Divorce and family law mediation

Our professional mediation service can help you reach an agreement with your former partner on issues surrounding divorce, separation, children and finances.

Helen Midgley, Bishop's Stortford
Helen Midgley, family law specialist in Bishops Stortford

Mediation & dispute resolution solicitor

Working with a mediator, for many couples, helps to promote an amicable end to the relationship. At Tees the family law department includes several lawyers who are expert in mediation. Read our mediation guide here.

What are the benefits of mediation?

There are three main benefits:

  • final decisions are made by you rather than for you. If you go to court to sort out your issues a judge will make the decisions, which will then be imposed, whether you like them or not.
  • you have more control so you can decide what’s important and what needs to be discussed with solicitors. The deadlines and timetables are also completely defined by you, giving you a more flexible approach.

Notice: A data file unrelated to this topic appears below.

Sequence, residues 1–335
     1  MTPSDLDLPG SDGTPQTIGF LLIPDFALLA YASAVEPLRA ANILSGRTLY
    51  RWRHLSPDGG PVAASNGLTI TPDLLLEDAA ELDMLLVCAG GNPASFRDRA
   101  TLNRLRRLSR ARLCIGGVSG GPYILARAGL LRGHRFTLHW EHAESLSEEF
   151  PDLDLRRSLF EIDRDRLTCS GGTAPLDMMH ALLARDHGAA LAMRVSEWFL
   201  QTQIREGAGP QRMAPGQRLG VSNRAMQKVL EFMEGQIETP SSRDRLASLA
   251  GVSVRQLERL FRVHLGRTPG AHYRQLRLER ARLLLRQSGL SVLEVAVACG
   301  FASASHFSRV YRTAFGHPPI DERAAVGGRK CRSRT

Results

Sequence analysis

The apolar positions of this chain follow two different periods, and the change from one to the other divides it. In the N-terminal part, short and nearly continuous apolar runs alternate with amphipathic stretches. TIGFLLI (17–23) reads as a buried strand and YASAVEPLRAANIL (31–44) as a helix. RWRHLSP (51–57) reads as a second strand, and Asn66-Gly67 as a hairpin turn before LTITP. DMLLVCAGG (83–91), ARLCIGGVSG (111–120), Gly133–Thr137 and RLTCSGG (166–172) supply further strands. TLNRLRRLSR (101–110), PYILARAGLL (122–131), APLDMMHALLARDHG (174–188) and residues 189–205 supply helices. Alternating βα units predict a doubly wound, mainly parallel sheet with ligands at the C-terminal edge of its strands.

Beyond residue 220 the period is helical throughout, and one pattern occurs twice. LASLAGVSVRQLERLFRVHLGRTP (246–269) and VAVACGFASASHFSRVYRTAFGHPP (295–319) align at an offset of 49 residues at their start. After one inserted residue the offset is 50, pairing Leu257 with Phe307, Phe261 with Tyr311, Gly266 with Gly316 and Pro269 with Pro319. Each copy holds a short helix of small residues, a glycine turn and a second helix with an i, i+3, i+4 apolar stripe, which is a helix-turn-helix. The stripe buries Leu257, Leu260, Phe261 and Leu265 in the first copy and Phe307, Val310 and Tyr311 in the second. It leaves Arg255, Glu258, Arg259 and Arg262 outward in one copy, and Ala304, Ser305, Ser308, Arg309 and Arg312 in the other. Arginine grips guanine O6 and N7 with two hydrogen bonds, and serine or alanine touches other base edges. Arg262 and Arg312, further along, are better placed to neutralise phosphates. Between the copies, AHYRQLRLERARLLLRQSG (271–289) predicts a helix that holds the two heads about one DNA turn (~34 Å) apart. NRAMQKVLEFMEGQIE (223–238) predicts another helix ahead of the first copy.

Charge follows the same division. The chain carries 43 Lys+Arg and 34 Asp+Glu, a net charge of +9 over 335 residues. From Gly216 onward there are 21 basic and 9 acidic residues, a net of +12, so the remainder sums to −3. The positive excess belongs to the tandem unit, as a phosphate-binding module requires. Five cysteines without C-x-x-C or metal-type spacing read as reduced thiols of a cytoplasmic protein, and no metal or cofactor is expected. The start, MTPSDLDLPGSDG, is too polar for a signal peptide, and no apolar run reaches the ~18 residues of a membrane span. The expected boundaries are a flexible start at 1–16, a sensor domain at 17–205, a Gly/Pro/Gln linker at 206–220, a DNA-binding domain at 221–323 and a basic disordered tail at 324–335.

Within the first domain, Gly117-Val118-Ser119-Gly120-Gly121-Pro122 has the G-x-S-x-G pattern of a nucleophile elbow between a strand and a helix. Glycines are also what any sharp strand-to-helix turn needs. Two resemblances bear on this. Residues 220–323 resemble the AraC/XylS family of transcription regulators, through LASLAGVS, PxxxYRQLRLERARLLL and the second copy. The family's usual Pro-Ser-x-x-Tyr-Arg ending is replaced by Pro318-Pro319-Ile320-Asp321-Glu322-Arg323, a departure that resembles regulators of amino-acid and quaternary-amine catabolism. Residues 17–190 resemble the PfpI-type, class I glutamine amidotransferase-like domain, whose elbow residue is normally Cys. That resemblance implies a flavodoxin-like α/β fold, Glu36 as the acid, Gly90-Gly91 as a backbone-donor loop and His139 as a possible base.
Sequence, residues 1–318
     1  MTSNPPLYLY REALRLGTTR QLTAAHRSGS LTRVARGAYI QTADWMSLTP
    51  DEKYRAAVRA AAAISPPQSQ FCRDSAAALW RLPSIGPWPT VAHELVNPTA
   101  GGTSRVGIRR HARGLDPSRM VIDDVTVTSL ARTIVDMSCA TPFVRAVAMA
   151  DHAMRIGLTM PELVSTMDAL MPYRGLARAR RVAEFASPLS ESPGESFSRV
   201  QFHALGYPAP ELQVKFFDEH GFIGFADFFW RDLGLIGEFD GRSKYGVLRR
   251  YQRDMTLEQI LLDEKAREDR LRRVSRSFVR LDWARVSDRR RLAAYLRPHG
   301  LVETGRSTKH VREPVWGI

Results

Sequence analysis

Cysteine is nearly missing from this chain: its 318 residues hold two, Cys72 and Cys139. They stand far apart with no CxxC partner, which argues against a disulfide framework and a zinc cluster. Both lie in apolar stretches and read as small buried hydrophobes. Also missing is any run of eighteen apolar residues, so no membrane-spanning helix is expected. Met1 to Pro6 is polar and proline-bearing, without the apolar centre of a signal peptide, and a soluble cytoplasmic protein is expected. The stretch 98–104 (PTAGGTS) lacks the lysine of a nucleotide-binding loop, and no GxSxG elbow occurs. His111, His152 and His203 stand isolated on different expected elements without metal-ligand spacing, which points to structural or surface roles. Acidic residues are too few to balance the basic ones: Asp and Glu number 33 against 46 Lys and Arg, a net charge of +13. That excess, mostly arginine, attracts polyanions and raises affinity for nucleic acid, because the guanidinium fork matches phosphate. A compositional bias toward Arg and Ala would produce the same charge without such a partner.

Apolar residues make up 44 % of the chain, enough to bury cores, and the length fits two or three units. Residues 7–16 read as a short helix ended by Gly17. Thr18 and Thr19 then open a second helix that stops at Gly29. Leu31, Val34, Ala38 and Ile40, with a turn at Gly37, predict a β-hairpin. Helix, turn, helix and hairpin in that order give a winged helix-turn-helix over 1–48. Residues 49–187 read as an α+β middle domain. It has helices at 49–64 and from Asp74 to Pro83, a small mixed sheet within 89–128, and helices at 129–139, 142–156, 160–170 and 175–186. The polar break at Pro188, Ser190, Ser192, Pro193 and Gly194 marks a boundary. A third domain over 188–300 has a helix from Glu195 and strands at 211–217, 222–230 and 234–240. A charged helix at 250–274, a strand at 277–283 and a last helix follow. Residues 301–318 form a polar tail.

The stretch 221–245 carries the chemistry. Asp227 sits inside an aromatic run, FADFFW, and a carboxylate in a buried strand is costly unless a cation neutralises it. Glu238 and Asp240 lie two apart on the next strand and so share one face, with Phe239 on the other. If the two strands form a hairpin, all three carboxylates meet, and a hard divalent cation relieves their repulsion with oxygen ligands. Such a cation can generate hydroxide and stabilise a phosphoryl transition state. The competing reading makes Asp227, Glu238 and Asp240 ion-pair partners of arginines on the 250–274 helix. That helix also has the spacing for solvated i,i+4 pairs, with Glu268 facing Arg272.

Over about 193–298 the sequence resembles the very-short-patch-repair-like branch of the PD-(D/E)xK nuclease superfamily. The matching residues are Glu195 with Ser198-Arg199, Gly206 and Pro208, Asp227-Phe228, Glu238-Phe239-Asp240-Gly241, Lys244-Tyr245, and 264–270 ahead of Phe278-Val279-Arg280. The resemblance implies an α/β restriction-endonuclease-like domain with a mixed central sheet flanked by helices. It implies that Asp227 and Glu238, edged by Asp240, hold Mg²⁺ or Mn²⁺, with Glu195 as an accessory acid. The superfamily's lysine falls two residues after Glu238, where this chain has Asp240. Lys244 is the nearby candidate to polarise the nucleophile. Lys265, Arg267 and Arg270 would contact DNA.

• It’s often faster and cheaper than other options. Resolving matters through the courts or solicitors can take months, whereas mediation can take weeks. 

We’re here to help

If you want a lawyer to take a closer look at your situation, our family and divorce lawyers are based in:

  • Cambridgeshire: Cambridge
  • Essex: Brentwood, Chelmsford, and Saffron Walden
  • Hertfordshire: Bishop's Stortford and Royston

But we can help you wherever you are in England and Wales.

Call our specialist solicitors on 0808 231 1320

Family mediation FAQs

What is mediation?

Mediation is when an independent and professionally trained mediator helps you work out an agreement with your former partner about issues such as: 

  • Childcare arrangements
  • Finances- including pensions, dividing your assets and financial support
  • Houses and property – such as your family home, or buy to let investments 

How does divorce or family law mediation work?

In the first session known as a MIAM (Mediation Information and Assessment Meeting) you will have an opportunity to meet the mediator individually and the process will be explained to you. After you have both attended an individual meeting, there will be a first joint meeting with the mediator.  They will then get you and your partner to talk in a constructive way, and encourage you to start looking at options and ideas. In this way they are often able to help you find a workable solution, and one that can become part of a legal document.

A mediator's role is not to advise the parties, and you may benefit from independent legal advice alongside mediation.

Make an enquiry today

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